NOTE: This is a pre-production transcript and may not match the final show precisely.

Hello! You’ve done it again! You’ve found the next episode of How Good It Is, a weekly podcast that takes a closer look at songs from the rock and roll era, and we check out some of the stories behind those songs, and the artists who made them famous. 

My name is Claude Call, and that’s the name of that tune.

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Shel Silverstein was a multi-faceted entertainer who had a wicked sense of humor. He often stylized himself as “Uncle Shelby”, and he’s probably best known for writing poetry and books that are primarily aimed at children. That said, he also wrote Uncle Shelby’s ABZ Book, which looks like a kid’s alphabet book on its surface but contains a bunch of really dark humor aimed at adults.

A lot of his work, though, has a silly tone to it but it’s also earnest and, at times, pretty heartwarming. In fact, I dare you to read his book The Giving Tree without tearing up a little bit. Or a lot.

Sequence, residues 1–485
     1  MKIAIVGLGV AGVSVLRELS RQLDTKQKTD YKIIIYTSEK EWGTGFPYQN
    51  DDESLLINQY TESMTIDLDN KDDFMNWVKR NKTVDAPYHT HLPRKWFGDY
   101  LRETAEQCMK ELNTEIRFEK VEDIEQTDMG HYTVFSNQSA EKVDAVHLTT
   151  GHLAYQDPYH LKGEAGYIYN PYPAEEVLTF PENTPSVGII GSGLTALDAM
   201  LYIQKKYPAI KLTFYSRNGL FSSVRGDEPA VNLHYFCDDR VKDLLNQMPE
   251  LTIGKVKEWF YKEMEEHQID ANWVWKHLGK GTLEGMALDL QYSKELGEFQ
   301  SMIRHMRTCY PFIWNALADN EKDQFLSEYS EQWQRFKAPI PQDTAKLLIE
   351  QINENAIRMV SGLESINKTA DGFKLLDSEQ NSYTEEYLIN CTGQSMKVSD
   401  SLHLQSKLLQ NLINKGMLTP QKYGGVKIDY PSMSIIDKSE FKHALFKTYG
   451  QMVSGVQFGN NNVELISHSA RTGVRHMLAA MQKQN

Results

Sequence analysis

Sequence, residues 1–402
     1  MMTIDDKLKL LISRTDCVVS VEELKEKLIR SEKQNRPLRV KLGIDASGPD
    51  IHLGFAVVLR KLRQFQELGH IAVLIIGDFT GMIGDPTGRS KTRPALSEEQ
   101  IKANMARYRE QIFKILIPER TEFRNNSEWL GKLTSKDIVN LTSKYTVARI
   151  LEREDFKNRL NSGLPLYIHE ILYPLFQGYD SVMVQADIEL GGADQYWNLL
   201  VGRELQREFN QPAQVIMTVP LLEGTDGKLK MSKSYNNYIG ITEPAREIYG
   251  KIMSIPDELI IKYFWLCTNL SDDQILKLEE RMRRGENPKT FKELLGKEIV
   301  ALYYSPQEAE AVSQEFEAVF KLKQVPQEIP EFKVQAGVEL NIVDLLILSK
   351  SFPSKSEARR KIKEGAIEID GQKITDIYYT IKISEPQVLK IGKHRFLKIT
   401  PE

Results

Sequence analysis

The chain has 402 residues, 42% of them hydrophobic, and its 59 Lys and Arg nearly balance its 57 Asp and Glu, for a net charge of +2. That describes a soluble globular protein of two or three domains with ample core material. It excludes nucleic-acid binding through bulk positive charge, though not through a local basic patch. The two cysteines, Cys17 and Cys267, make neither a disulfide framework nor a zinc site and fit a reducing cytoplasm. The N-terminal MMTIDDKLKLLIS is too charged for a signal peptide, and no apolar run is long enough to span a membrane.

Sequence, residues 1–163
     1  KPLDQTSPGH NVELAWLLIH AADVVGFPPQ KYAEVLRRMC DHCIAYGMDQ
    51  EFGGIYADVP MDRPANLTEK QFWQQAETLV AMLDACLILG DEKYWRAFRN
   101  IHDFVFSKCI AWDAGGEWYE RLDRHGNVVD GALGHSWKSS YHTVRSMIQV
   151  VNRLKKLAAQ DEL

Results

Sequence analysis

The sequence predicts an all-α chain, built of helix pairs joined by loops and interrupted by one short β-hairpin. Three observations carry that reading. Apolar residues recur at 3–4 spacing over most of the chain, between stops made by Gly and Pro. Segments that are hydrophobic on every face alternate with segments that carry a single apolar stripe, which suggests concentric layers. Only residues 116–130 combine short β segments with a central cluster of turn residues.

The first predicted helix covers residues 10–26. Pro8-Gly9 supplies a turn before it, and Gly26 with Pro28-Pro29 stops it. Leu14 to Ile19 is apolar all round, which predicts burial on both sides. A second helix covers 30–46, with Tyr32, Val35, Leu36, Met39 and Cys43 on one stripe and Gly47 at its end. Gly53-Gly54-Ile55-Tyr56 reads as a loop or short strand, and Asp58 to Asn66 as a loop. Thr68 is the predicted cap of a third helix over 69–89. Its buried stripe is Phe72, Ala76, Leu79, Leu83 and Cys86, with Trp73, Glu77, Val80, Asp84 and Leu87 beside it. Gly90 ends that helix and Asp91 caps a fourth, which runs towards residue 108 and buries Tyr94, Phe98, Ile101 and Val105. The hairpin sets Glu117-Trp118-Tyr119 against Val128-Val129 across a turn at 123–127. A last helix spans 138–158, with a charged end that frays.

But Silverstein was also a gifted songwriter who’s responsible for several pop hits, and we’re going to explore a few of them today.

[A BOY NAMED SUE]

“A Boy Named Sue” was a huge hit for Johnny Cash when it was released as a single from his 1969 album Live at San Quentin. Silverstein said that he got the idea for the song from a friend of his radio host and raconteur Jean Shepherd.

[SHEPHERD]

Now, if that voice sounds familiar and you didn’t grow up in the New York Metropolitan Area listening to late-night radio, then you probably recognize Shepherd as the narrator of the film A Christmas Story, for which he also wrote the original essays that later became that movie. And like the boy named Sue, Shepherd was a guy who had to deal with having kind of a girly name.